Jack Heatherman started studying English because he wanted to improve his chances of getting into medical school.
It was a decision that ultimately led the senior to a second major, a new career path, an internship that became a job offer, and a passion for writing that inspired him to write a nonfiction travelog and a coming-of-age novel for his senior thesis project.
“I’ve always had the mentality that I don’t want a simple career. I want to enjoy my work, and create something new and exciting with it,” he said. “Writing gives me that sense of fulfillment and challenge. I write almost every day now, for the sake of the craft and my own sanity. It’s become my passion — and, I really believe, my future.”
Heatherman arrived at Notre Dame as a biology major, and started taking English classes because he heard that medical school applicants who study the liberal arts do better on the analytical portion of the MCAT exam. He had a passion for writing and the arts stemming back to high school, but his initial sole focus was one becoming a doctor.
“Writing gives me that sense of fulfillment and challenge. I write almost every day now, for the sake of the craft and my own sanity. It’s become my passion — and, I really believe, my future.”
As he took more classes and added English as a second major, however, he enjoyed the work enough that his aspirations began to shift.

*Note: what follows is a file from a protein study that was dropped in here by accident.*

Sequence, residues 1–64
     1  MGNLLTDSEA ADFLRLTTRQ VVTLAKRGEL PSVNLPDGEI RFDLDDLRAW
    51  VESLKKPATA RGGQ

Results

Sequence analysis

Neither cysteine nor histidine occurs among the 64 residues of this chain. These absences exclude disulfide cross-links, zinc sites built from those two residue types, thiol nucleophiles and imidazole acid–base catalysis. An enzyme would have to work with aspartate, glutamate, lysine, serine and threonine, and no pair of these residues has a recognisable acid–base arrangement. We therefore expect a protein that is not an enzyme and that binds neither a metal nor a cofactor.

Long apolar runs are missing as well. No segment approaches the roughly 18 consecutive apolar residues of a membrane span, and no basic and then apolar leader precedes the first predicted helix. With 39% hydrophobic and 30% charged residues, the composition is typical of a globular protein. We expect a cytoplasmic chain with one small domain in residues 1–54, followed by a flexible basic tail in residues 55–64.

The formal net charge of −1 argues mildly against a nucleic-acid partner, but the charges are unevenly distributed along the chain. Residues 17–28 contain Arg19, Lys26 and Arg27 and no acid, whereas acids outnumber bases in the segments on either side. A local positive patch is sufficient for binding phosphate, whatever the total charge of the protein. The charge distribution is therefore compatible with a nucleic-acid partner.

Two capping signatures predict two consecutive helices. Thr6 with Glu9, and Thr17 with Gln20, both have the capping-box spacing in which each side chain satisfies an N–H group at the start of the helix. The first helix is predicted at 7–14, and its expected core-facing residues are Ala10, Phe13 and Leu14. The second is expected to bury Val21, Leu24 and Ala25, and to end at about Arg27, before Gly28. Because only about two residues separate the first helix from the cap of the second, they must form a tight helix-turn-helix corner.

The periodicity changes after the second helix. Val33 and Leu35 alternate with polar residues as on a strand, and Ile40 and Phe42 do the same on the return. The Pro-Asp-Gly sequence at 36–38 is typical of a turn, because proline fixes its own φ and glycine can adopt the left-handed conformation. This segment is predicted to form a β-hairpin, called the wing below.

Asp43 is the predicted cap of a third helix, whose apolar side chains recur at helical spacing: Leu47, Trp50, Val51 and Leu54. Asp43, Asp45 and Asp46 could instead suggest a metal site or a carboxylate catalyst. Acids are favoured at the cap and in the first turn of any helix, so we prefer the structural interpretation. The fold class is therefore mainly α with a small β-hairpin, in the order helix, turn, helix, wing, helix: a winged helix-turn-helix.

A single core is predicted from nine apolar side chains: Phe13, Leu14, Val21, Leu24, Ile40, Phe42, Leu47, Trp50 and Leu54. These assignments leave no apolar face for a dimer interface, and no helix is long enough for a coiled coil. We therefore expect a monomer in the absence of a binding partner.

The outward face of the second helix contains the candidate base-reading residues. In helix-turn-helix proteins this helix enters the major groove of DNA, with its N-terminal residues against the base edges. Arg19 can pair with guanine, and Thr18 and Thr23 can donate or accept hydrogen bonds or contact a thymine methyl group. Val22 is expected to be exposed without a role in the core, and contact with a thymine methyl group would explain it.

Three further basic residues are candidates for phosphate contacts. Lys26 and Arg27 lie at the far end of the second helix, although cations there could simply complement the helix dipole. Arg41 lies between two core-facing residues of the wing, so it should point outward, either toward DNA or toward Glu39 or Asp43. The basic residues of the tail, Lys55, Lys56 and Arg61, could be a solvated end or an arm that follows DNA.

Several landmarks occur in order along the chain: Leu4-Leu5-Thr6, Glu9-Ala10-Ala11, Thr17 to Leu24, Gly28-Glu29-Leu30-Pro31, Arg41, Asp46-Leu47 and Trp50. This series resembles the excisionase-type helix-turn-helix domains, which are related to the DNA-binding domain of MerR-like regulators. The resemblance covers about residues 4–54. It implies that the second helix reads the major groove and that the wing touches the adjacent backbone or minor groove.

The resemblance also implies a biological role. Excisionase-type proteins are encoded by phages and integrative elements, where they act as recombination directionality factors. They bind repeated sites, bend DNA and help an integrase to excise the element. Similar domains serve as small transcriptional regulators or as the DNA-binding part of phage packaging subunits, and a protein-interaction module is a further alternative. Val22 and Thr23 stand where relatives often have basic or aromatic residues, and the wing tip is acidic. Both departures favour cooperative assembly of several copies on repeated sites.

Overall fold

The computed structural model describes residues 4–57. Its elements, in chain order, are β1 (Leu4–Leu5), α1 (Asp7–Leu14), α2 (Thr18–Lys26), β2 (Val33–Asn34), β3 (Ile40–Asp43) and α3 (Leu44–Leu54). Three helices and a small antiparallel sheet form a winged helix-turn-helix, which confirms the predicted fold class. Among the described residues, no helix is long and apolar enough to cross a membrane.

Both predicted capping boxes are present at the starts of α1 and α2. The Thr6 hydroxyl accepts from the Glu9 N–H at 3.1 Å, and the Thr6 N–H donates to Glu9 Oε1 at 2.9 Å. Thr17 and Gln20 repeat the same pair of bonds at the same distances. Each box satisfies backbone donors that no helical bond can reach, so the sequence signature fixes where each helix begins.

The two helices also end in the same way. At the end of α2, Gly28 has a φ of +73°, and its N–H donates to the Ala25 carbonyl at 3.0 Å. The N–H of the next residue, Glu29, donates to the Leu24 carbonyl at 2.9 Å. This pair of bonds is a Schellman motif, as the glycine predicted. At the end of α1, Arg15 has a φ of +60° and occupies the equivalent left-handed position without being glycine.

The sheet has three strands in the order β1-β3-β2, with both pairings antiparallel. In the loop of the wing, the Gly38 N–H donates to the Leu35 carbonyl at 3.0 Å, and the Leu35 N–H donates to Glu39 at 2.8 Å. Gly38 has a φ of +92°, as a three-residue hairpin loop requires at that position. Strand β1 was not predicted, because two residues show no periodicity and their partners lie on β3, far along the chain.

“Within about a year or two, I started talking with my professors about my growing interest in writing and that argumentative factor within English that I really enjoyed,” he said. “And I said I really want to be in the sciences but I don't think med school is for me. I wanted to be able to use both the skill sets I've learned here at Notre Dame.”
His biology advisor then encouraged him to explore law school opportunities, noting that a niche group of College of Science students go to law school, often involving issues related to medical technology and devices.
“I’m really intrigued by patent law and the potential for being able to help people discover new ideas and control where those ideas go from start to finish,” he said. “Now that’s exciting — that sounds like me.”
A tale of two fields
Balancing two majors in two different colleges at Notre Dame was a challenge, he said, both in terms of scheduling required classes and time management in completing readings, exams, and papers. The bonds he formed with faculty, however, helped him work through it all.